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The Gallivanting Gourmand
Greg Duncan
Greg Duncan
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is a freelance writer based in the Montreal region. He is particularly keen about good food. In his day job, Greg is the executive director of the Quebec Community Newspapers Association.

His previous columns are archived HERE.

Posted 09.06.08
Montreal

GREG DUNCAN

When wearing a suit is not OK

I was invited to attend a newspaper industry event in Toronto the other night at a trendy club in the fashion district called the Loki Lounge. Pronounced just the way it is spelled, as in low-key. The electronic RSVP said to join some newspaper execs to meet some advertising agency types for Turquoise in Toronto. A curious theme for a black and white and read all over media, I think.

Of course, newspapers have been using color for a long time and are trying to be hip to the best of their abilities. I'm not sure these attempts are even remotely appropriate or successful, as a newspaper in my opinion serves one primary purpose.

Experience tells me that trying to engage hip audiences is pretty much fruitless unless you are an entertainment or a five-minute urban commuter paper. In the end, it's the information and news that's relevant to me and not whether I feel hip by reading it. Of course, I am well on my way to hip replacement no doubt, as the years progress.

All of the stops were pulled out at the event to entice green-haired, pierced lip, ripped-jean wearing advertising agency kids to consider community newspapers in their campaign planning and advertising placement. The booze and eats flowed and hip hop blared via a DJ.

No classic drinks in sight, and the appetizers confirmed that I am truly old school. A choice of three martinis with unpronounceable names was offered and I opted for a Toucantini. A mixture of apple juice, tequila, and something turquoise, of course. I cannot remember the other two variations and longed for a classic rum and coke or good single malt.

Of course, this would have loudly signaled my un-coolness just as much as my suit was already doing. This, despite an almost turquoise shirt I had tried to make work, just for the occasion. Truth be told, I am one of the suits, and wished I had considered the unspoken dress code and age group of the planners.

Of course, this would have required a trip to the tattoo and body-piercing parlor to accessorize.

A strange but curiously good goat cheese and matchstick potato jumble in a glass coffee cup was presented as a mini poutine. Very mini burgers made the rounds as did mini-beef wraps rolled like ice cream cones in shot glasses with straight Tabasco at the bottom for downing.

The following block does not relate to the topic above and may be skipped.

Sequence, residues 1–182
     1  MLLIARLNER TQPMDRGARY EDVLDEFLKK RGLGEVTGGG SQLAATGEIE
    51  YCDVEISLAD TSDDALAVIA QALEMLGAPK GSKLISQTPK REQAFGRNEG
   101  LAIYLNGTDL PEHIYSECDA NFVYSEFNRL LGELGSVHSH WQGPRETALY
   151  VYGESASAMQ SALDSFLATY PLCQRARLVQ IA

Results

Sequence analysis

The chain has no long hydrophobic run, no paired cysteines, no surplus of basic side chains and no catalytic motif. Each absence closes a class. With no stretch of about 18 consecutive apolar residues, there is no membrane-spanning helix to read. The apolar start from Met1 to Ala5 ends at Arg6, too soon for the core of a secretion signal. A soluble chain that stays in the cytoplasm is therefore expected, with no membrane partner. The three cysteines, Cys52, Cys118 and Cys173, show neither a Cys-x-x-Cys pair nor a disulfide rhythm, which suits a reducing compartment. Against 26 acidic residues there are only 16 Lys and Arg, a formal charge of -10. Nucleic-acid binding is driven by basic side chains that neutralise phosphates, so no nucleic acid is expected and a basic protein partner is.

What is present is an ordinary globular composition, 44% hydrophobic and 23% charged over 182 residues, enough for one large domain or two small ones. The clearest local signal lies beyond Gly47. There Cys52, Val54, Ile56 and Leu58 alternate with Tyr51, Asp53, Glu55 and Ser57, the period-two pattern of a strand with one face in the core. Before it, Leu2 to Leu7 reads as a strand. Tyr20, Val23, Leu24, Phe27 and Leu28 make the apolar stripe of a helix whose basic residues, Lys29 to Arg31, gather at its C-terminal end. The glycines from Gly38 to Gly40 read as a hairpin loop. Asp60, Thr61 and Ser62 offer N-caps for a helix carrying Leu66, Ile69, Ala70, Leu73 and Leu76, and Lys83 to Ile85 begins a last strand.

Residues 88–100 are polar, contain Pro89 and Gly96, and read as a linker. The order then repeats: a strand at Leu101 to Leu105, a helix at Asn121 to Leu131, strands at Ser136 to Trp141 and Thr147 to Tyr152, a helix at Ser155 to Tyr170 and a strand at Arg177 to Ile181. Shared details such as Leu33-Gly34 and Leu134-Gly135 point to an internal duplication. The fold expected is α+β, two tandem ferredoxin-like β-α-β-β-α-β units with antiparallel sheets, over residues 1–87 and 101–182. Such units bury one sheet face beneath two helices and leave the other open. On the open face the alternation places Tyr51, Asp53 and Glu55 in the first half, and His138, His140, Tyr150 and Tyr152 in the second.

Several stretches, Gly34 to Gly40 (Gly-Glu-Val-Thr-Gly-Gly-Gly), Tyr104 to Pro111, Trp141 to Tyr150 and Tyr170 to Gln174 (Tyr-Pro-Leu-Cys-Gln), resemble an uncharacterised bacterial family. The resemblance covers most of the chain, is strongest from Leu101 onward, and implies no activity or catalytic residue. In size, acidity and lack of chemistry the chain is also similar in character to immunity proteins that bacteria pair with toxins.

Pakoras with mango-lassi dip, and some fishy sushi things were circulated. Meanwhile most attempts at conversing with the agency kids were drowned out by deep bass thumping incessantly. Oh... and they don't do the business card exchange thing. That would just be too un-cool.

If you tempt young agency employees with free booze and food and hold an event that starts at 4 p.m. mid-week, then you will get them to attend, as they will happily leave work early to drink and eat for free. This we learned as suits some time ago.

Of course, you must also provide take-home gifts for the kiddies and they know they'll get some. Each was given an Oscar-type swag bag that you hoped would help them remember the brand.

Somehow I doubt it, as these kids want nothing short of new iPhones or mini blue ray DVD players as incentives. One told me that TV and radio execs give them that kind of stuff all the time. Not sure what they'll do with the cool newspaper logo coffee cups this time around.

I took two home and quite like them as they were free for me, too, and there appeared to be plenty leftover. In fact the whole event was free for me, too, as "those with the big bucks" hosted it.

While the suits from the West descended on Toronto's agency hipsters to promote western newspapers, I took the opportunity to promote Quebec community papers, which we all know are super hip, if not the hippest media in the entire eastern hemisphere.

I always learn something new on these adventures and try to employ new marketing techniques each time. My immediate problem will be getting approval for tattoos and eyebrow piercing as an allowable expense in my next budget proposal. Of course, just one ad campaign for Quebec papers will easily justify this new strategy don't you think?

Wish me luck.

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